Leventritt Shrub & Vine Garden
Covering three acres of sloping land, the design for Harvard University’s shrub and vine garden creates alternating moments of intimacy in the planted terraces and openness in the expansive central lawn. The overall spatial sequence is one of continual discovery and disclosure. The pavilion and armatures are designed as structures that refocus the visitor’s gaze on nature and the surrounding gardens.
The topography of the site, with its gradated slopes, is converted into a series of level terraces of varying dimensions. The design allows for multiple progressions that maximize use of the land and opportunities for collection and display, serving the university’s research mission. The plan is organic and spatially rich, evoking both the botanical traditions of French parterres and the intricate patterns found in nature – whether the branching of trees or the veined configurations of insect wings.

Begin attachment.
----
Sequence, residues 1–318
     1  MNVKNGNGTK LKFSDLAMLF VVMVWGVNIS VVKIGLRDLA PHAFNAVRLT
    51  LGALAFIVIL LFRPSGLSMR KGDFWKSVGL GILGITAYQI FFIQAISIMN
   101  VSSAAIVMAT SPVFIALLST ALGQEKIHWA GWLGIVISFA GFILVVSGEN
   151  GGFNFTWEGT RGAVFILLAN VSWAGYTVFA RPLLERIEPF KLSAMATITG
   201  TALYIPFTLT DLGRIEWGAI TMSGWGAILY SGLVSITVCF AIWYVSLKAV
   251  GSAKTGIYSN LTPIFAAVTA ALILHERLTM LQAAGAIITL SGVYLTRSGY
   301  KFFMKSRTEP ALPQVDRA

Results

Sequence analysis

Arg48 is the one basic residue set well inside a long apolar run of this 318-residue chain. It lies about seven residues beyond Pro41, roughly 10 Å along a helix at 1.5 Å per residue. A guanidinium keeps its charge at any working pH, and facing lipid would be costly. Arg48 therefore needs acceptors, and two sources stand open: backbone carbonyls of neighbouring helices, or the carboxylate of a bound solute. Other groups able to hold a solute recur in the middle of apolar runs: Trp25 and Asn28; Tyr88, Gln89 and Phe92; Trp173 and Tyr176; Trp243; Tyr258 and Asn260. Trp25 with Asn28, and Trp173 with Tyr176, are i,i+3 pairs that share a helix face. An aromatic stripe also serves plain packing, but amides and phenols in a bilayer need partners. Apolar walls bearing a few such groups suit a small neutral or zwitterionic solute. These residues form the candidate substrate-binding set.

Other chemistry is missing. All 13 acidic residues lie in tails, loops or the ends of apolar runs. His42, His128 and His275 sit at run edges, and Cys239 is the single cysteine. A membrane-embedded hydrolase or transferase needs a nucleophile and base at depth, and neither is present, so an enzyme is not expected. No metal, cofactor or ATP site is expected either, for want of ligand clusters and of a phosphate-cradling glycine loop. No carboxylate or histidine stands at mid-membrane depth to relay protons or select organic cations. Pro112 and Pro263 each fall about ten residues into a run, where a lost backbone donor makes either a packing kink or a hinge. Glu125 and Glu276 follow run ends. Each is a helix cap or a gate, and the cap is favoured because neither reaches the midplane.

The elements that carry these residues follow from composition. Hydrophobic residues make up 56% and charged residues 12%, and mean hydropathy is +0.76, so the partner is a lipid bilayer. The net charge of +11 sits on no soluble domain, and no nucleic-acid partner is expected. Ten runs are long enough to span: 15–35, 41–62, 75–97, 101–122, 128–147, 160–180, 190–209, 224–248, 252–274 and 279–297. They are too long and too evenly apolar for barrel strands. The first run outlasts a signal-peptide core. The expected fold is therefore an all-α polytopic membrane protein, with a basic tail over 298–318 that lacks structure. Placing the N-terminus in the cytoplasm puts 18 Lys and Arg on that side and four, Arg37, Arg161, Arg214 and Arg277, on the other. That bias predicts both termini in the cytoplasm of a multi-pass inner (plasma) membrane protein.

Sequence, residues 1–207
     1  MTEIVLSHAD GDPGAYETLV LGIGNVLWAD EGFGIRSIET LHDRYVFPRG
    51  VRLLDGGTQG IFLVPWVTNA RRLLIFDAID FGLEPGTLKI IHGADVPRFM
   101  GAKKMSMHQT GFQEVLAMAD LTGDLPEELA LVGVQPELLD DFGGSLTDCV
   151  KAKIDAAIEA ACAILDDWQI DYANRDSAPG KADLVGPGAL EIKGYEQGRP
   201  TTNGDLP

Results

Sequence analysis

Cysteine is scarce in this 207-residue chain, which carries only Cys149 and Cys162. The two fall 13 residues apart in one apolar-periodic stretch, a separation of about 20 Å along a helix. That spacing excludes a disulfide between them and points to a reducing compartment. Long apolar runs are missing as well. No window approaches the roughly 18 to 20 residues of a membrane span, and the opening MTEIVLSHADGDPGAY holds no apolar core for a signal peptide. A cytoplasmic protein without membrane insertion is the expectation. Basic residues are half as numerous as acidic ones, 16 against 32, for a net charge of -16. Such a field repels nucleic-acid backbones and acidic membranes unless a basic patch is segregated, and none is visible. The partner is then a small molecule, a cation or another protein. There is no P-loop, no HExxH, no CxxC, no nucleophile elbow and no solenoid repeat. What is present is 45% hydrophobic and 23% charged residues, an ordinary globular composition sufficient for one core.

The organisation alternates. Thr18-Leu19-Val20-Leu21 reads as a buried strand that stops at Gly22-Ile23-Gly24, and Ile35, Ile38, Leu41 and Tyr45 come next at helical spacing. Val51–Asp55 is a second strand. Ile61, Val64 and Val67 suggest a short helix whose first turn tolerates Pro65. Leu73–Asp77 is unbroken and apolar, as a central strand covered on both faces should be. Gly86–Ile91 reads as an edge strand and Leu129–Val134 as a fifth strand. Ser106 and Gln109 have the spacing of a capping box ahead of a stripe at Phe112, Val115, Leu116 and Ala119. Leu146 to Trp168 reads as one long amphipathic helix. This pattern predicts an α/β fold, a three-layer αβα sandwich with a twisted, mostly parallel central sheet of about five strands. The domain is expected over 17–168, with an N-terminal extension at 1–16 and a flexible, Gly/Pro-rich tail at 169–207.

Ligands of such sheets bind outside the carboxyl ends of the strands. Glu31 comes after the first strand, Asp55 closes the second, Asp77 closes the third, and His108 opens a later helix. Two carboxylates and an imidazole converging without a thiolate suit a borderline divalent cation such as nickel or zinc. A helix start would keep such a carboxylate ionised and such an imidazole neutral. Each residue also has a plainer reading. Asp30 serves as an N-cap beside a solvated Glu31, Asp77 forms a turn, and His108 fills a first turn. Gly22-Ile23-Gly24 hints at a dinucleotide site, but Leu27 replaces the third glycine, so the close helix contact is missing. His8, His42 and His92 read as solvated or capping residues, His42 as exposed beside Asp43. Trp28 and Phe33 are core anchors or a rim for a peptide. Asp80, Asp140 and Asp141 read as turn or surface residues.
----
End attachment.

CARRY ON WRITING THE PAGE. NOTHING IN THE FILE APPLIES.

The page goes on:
In the tradition of horticultural display gardens, the plan has a strong organizing structure that is visually understandable from many points within and outside the garden. The pavilion offers a locus or center for the garden that provides views of the entire collection.
The retaining walls define the uppermost terraces of the garden and delimit the collection from the nursery, greenhouse, and Bonsai display. A long swath of lawn that cuts across various terrace levels further organizes the garden, providing space for movement and repose.